Vodcast: The Little Prince and the Beautiful Mess of Story

4

Stories are so misunderstood. As much as we all enjoy them, we often fail to recognize—or just flat out misunderstand—their importance and power, both for ill and for good. Which is why it’s nice when a story comes along that reminds us of the beauty that a good story can unveil and the ways they can move our hearts.

Today, Paul and I talk about Netflix’s new flick, The Little Prince, and the powerful way it reminds us to refocus our hearts and minds on what really matters, not just what society deems to be ‘Matters of Consequence.’

And, if you prefer an audio-only version, you’re in extra luck this week! We recorded a fun and robust discussion about Suicide Squad and the resonance of its story, as well as its portrayal of a different brand of antihero.

Who wrote this?

Jake Roberson is Plugged In’s social media manager and strategist. He’s the father of four children and husband of one wife, and he quite likes life that way. He also likes writing about entertainment, pop culture, dadhood … and food. He’s also a former Guinness World Record holder for participating in the largest hacky sack circle. Catch up with him on Twitter @jake_roberson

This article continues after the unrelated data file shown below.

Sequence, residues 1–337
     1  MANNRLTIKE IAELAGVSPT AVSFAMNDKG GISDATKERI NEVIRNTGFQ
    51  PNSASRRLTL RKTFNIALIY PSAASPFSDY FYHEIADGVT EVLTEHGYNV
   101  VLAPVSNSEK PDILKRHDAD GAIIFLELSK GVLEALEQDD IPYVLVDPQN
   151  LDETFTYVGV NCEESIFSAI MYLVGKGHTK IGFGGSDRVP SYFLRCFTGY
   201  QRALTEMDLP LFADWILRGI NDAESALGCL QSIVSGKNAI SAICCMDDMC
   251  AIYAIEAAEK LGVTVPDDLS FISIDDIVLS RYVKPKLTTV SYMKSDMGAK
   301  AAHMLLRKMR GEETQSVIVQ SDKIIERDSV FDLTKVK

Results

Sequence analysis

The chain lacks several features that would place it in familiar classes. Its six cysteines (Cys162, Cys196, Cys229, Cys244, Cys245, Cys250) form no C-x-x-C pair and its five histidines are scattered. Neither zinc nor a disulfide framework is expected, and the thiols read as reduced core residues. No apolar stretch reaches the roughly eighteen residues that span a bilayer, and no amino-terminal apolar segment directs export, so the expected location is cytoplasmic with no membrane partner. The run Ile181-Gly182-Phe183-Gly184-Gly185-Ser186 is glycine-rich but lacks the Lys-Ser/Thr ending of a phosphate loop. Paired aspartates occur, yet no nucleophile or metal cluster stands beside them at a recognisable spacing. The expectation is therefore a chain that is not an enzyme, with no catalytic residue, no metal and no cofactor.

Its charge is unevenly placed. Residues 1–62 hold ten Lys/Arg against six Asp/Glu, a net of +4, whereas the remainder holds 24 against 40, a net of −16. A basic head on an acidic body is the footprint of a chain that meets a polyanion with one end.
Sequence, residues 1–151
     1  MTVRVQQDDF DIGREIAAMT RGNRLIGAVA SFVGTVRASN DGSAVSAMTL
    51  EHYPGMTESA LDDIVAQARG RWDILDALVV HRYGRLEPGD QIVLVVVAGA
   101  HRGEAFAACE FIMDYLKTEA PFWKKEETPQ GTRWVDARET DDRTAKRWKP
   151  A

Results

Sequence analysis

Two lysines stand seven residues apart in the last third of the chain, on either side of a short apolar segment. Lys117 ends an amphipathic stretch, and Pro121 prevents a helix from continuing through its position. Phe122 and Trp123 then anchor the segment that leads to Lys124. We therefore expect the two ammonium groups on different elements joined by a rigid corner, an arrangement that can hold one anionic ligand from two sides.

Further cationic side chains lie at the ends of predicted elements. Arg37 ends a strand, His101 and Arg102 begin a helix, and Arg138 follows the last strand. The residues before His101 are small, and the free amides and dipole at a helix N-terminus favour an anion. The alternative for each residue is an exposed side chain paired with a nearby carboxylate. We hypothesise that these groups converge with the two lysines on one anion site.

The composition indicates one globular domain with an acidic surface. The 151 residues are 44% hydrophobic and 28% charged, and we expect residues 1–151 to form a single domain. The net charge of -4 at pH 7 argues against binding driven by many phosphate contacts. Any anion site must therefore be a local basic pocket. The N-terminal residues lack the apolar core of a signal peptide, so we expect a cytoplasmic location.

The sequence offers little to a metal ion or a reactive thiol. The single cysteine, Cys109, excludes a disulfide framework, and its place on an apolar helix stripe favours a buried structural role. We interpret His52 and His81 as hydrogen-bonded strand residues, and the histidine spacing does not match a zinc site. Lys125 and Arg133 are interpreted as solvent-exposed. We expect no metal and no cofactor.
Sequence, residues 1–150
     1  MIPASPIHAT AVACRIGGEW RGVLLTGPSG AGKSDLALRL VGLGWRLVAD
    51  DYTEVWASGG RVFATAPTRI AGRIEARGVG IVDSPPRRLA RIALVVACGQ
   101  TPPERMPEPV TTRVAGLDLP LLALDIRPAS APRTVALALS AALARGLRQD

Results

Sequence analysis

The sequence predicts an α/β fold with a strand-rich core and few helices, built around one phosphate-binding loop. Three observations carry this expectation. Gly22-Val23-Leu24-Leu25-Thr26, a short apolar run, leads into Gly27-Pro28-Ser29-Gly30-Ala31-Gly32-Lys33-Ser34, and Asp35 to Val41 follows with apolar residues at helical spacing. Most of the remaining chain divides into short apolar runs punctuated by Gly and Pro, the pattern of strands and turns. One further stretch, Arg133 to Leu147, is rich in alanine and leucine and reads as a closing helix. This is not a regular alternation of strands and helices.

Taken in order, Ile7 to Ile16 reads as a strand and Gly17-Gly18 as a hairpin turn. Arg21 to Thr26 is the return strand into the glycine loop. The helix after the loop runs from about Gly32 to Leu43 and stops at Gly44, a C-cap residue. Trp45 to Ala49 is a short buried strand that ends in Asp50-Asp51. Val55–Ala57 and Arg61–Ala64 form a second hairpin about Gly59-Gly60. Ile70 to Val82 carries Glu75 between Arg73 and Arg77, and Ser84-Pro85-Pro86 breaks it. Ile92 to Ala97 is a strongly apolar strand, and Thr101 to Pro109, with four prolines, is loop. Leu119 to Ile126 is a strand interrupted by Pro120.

Have something to say? Leave a comment.

Anonymous More than 1 year ago
The trailer of The Little Prince so fascinated me that I read the book soon afterward.  I loved it; it's a beautiful story that engages mind and spirit.  You read it with your head and your heart working together.
Till We Have Faces by C. S. Lewis is similar, and The Brothers Karamazov by Fyodor Dostoyevsky posed an equal challenge to me.  I guess I just like books that call me to go deeper and love stronger.
jake_roberson More than 1 year ago
I need to check out Dostoyevsky's stuff. People keep bringing it up and I keep forgetting. I need to stop the forgetting part. :-)
B Evans More than 1 year ago
The Dealing with Dragons book series had a huge impact on my psyche as a teen girl/woman, as it was the first series I read with a strong female character who wasn't a damsel in distress, but also didn't reject being a woman either. The main character was feminine (though not feminine enough in the eyes of her home society) and strong simultaneously. I don't understand how those books haven't been made into movies yet...
jake_roberson More than 1 year ago
Interesting! I haven't heard of that series, but it sounds intriguing. It is also interesting how Hollywood can still struggle to greenlight and make movies/series with strong and complex female leads.